By the Numbers

All of this – the perfume, the animated character, the author – have pushed the name into the Top 1000 a handful of times since the late 1980s. As of the May 2019 data release, Anais is back in the US Top 1000 once more. But there’s no telling if the name will stay.

Overall, there’s something beguiling about this choice. It’s sophisticated, even glamorous, but not in a way that feels burdensome. With our love for liquid, vowel-heavy names, it’s easy to imagine Anais fitting right in with Sienna and Eliana and Aurora.

It might make a great stands-out/fits-in choice … though maybe it’s more stands out than not.

Would you consider this name for a daughter? Does pronunciation give you pause?

First published on May 28, 2009, this post was revised and re-published on May 22, 2019.

About Abby Sandel

Whether you're naming a baby, or just all about names, you've come to the right place! Appellation Mountain is a haven for lovers of obscure gems and enduring classics alike.

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What do you think?


  1. We wrestled over a middle name for our daughter Margo while I was pregnant, and one day my husband suggested Anais out of the blue. And we adore it. My husband’s first language is Spanish, so as another said, the pronunciation is more instinctive in Spanish, and since it’s her middle name, the pronunciation struggle in English isn’t as much of an issue. Margo’s full initials are MAC which I think also adds to the charm of her name, though I know I have a mother’s bias.

  2. I have generally heard it pronounced Ah-nay-is when it’s said at all. Most Americans will never use the French pronunciation.

    1. No, It’s pronounced Ahn-na-ees
      I was born in America and growing up my name was very rare, it’s coming up but it’s still so rare that people always pronounce it wrong, and honestly, Caucasian people have the hardest time, so I usually let them pronounce it, Ana-is. Because it’s better than their efforts lol but it’s pronounced with more of a spanish accent so it’s Ahn-na-ees.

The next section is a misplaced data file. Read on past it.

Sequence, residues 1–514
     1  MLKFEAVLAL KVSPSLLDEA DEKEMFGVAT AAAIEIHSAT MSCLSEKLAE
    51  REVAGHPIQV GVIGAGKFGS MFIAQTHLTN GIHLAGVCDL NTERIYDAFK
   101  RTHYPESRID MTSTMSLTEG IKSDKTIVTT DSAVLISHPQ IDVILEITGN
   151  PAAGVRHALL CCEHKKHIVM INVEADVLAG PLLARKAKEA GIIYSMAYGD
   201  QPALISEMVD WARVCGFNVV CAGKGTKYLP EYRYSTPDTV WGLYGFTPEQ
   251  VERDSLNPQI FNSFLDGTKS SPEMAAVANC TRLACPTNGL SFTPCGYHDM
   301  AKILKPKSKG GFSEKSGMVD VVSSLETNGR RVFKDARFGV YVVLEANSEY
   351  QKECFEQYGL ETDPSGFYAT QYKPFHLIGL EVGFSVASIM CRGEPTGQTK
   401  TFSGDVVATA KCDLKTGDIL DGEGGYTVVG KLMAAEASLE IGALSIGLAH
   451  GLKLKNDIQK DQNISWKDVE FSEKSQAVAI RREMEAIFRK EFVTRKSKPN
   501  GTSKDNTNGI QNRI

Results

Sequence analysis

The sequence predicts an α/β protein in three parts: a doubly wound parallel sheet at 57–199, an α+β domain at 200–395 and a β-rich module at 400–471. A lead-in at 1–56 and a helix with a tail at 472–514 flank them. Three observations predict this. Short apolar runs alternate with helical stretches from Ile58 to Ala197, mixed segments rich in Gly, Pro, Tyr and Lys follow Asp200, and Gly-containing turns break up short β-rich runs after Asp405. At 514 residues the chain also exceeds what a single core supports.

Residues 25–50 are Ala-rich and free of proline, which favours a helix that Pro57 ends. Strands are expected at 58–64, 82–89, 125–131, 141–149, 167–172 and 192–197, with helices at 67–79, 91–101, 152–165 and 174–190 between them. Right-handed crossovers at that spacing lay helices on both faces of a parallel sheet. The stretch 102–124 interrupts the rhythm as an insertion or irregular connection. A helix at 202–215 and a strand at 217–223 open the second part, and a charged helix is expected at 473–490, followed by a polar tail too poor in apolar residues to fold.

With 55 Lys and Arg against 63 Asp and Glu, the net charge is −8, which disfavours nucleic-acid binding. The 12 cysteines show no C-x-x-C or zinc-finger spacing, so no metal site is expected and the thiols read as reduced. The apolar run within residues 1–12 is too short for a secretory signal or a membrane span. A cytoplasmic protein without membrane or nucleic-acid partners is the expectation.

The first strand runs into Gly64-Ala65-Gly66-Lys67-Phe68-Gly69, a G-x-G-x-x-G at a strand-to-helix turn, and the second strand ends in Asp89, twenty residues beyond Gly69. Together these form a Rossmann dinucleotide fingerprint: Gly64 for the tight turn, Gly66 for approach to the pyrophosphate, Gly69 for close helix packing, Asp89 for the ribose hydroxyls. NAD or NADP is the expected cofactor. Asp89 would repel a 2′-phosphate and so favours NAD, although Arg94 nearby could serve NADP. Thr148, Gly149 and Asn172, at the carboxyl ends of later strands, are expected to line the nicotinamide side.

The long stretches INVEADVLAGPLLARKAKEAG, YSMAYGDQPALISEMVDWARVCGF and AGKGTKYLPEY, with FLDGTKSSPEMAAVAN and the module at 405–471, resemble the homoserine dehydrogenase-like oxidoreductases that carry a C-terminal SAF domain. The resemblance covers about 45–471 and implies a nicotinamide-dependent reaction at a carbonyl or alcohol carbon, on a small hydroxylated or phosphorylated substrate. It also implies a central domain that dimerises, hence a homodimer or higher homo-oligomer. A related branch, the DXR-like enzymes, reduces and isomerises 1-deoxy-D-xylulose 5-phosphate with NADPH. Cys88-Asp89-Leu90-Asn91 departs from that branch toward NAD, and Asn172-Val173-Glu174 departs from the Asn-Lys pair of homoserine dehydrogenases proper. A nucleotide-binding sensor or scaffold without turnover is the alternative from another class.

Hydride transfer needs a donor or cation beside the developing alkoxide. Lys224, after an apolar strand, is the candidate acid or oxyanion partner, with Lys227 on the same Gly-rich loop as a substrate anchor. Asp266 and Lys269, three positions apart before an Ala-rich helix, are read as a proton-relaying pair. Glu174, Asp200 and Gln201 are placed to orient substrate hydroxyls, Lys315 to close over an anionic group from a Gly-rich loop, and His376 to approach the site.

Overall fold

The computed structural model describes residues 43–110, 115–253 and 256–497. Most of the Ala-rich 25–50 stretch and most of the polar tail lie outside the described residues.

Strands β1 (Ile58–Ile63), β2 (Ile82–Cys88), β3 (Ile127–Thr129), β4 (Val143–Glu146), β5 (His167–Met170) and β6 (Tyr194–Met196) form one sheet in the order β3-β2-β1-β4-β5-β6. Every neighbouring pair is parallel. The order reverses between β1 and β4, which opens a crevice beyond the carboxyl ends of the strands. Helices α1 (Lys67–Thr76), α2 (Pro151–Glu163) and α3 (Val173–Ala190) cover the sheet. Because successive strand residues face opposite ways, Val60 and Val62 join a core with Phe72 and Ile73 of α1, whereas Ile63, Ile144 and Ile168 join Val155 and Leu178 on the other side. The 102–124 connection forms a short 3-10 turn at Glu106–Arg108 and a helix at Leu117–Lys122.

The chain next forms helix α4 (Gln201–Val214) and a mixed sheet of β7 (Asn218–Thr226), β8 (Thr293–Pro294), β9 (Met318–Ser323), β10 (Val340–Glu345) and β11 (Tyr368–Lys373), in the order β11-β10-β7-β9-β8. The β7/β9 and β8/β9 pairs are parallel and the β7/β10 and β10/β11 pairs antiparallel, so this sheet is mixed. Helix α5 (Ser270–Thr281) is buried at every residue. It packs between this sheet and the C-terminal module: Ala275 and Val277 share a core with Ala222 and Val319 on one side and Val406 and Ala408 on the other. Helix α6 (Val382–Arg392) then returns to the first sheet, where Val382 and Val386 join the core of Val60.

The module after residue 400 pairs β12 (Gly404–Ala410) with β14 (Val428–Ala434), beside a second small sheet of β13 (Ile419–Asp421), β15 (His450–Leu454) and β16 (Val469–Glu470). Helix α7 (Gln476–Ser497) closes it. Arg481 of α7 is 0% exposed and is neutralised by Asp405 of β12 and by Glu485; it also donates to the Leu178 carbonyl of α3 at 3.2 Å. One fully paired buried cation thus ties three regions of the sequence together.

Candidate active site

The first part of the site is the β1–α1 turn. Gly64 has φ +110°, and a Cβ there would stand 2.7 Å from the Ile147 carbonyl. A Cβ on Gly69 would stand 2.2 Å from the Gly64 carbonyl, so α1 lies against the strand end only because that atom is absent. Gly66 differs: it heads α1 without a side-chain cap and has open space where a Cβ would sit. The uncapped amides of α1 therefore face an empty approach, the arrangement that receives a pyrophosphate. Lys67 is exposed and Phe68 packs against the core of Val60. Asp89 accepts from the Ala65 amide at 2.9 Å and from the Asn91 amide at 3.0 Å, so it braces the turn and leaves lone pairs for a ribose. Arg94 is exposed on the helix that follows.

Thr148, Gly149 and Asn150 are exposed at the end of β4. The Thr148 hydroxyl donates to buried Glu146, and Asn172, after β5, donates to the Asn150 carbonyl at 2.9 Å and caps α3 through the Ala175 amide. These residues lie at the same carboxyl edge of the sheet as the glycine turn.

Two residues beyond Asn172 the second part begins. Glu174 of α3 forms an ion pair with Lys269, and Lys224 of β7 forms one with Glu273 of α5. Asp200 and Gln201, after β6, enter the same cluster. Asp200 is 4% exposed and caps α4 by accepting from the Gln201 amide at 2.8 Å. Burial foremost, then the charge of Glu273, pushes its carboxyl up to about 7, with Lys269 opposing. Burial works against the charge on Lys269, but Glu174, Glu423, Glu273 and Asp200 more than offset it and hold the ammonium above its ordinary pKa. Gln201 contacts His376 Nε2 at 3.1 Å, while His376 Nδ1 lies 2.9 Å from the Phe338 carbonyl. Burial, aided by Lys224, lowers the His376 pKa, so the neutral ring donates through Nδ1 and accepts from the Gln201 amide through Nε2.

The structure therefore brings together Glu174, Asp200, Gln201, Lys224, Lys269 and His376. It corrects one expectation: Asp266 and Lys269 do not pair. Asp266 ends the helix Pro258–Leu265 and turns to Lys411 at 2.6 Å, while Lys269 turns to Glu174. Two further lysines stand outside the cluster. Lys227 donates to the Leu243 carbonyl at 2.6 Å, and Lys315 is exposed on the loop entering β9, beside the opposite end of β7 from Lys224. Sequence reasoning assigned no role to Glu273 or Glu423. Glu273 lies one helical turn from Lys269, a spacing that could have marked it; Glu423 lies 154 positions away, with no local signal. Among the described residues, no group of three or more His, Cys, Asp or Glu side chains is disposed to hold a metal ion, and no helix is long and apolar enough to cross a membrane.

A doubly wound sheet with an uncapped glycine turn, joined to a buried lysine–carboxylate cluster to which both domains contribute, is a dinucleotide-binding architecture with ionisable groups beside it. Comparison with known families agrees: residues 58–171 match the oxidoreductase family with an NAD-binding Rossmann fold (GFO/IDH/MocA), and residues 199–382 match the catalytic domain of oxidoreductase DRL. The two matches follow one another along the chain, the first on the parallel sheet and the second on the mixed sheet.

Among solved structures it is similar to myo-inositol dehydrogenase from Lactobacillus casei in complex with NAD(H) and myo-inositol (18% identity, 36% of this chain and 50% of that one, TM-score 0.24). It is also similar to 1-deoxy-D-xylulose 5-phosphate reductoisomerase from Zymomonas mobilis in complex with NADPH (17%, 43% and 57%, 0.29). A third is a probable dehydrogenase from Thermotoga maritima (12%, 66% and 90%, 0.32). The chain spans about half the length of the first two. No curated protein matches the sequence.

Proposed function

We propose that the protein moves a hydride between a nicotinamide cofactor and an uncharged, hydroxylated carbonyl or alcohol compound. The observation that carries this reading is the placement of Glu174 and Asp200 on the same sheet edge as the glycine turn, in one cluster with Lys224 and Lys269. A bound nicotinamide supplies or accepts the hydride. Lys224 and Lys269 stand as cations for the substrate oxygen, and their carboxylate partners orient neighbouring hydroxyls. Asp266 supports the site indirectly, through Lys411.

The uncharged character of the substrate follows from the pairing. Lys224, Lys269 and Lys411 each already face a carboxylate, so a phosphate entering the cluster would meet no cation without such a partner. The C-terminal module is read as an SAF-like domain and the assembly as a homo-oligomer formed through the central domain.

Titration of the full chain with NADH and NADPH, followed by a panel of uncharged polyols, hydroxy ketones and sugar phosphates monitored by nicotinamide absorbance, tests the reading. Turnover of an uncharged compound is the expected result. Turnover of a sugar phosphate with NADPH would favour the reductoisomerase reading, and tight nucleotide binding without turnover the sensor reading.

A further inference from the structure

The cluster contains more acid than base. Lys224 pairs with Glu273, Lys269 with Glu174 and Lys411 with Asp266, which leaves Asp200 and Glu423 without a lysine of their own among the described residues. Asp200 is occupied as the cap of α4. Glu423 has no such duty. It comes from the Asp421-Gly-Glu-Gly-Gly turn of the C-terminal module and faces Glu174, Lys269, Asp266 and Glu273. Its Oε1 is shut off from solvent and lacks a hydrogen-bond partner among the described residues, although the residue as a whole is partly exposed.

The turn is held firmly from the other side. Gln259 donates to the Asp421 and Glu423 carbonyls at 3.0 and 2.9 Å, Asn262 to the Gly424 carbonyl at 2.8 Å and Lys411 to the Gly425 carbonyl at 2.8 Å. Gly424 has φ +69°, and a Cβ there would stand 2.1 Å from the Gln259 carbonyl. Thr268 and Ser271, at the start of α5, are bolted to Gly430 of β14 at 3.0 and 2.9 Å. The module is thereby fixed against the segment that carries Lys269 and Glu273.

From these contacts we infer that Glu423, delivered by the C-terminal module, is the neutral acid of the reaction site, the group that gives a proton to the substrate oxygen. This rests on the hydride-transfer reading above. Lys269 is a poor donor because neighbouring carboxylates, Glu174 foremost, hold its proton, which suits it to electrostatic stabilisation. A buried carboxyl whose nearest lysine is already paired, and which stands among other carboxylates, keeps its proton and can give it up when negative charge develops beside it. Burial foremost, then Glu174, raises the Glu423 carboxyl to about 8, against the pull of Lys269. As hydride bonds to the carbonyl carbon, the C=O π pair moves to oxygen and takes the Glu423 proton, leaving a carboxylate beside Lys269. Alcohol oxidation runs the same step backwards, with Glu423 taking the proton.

1. I think Andrea’s point is about how Americans might default to pronouncing Anais, which probably varies regionally. I know a little Anais, but she’s mostly called Ana, so I’m not sure. The only other Anais I’ve met in person was from France, so I made an effort to pronounce it as she did. But it’s not easy for native English speakers, so anyone who chooses the name should be aware of that potential drawback. Still gorgeous, though!

  3. Despite loving so many French names, I’m not a fan of Anais. I find the pronunciation just doesn’t roll off the tongue easily. I’m sure it sounds nicer in a French accent though. If we have another daughter, both Annette and Anthea are in the running, so I do love Ann- names a lot.

  4. I absolutely love this name but, due to the difficult pronunciation for most English speakers, would worry about “anus” teasings.

    1. Oh trust me, it was one of my nick names growing up, some adults still think it’s funny also “Maiz” which is corn in spanish.

  5. While I like the sound of Anais but I have to agree with Kat here. She was not someone I’d want to honor. Narcissistic indeed! A lovely name with a lousy namesake. Sophie, I love your name!

  6. Ha! Thanks Emmy Jo 🙂 If that was directed to me of course. I don’t really find her mysterious as such, more light and silvery. I’m definitely not mysterious at all!

  7. Anais is gorgeous, but it seems way too fancy for me to use. I like my girls’ names sweet and simple, and I doubt whether a daughter of mine could ever be mysterious and provocative enough to pull off a name like Anais.

    Sophie Anais is beautiful!